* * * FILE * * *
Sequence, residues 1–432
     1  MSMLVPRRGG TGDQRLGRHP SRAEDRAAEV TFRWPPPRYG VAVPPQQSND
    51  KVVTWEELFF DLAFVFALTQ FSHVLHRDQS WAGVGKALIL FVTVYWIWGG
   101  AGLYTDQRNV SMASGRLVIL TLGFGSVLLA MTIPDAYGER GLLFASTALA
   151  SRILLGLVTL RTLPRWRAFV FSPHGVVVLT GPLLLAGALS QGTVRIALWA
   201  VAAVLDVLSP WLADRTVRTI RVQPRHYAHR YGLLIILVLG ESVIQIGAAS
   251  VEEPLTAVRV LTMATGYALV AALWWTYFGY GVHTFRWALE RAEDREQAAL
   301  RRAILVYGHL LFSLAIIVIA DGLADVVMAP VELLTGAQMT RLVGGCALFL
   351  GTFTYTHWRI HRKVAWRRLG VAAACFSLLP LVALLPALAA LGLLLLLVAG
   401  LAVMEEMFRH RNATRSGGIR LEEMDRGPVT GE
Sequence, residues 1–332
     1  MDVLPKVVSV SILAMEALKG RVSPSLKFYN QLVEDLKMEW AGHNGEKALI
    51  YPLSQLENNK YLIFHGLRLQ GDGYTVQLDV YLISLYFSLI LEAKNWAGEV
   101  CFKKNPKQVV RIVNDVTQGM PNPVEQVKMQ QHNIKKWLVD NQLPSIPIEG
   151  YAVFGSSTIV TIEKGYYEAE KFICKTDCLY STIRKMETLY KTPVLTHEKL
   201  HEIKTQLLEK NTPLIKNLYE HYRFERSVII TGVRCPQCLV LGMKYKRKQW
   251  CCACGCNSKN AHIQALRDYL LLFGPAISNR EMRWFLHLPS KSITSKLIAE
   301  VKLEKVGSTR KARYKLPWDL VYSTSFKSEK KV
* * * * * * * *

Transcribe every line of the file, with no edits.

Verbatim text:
Sequence, residues 1–432
     1  MSMLVPRRGG TGDQRLGRHP SRAEDRAAEV TFRWPPPRYG VAVPPQQSND
    51  KVVTWEELFF DLAFVFALTQ FSHVLHRDQS WAGVGKALIL FVTVYWIWGG
   101  AGLYTDQRNV SMASGRLVIL TLGFGSVLLA MTIPDAYGER GLLFASTALA
   151  SRILLGLVTL RTLPRWRAFV FSPHGVVVLT GPLLLAGALS QGTVRIALWA
   201  VAAVLDVLSP WLADRTVRTI RVQPRHYAHR YGLLIILVLG ESVIQIGAAS
   251  VEEPLTAVRV LTMATGYALV AALWWTYFGY GVHTFRWALE RAEDREQAAL
   301  RRAILVYGHL LFSLAIIVIA DGLADVVMAP VELLTGAQMT RLVGGCALFL
   351  GTFTYTHWRI HRKVAWRRLG VAAACFSLLP LVALLPALAA LGLLLLLVAG
   401  LAVMEEMFRH RNATRSGGIR LEEMDRGPVT GE
Sequence, residues 1–332
     1  MDVLPKVVSV SILAMEALKG RVSPSLKFYN QLVEDLKMEW AGHNGEKALI
    51  YPLSQLENNK YLIFHGLRLQ GDGYTVQLDV YLISLYFSLI LEAKNWAGEV
   101  CFKKNPKQVV RIVNDVTQGM PNPVEQVKMQ QHNIKKWLVD NQLPSIPIEG
   151  YAVFGSSTIV TIEKGYYEAE KFICKTDCLY STIRKMETLY KTPVLTHEKL
   201  HEIKTQLLEK NTPLIKNLYE HYRFERSVII TGVRCPQCLV LGMKYKRKQW
   251  CCACGCNSKN AHIQALRDYL LLFGPAISNR EMRWFLHLPS KSITSKLIAE
   301  VKLEKVGSTR KARYKLPWDL VYSTSFKSEK KV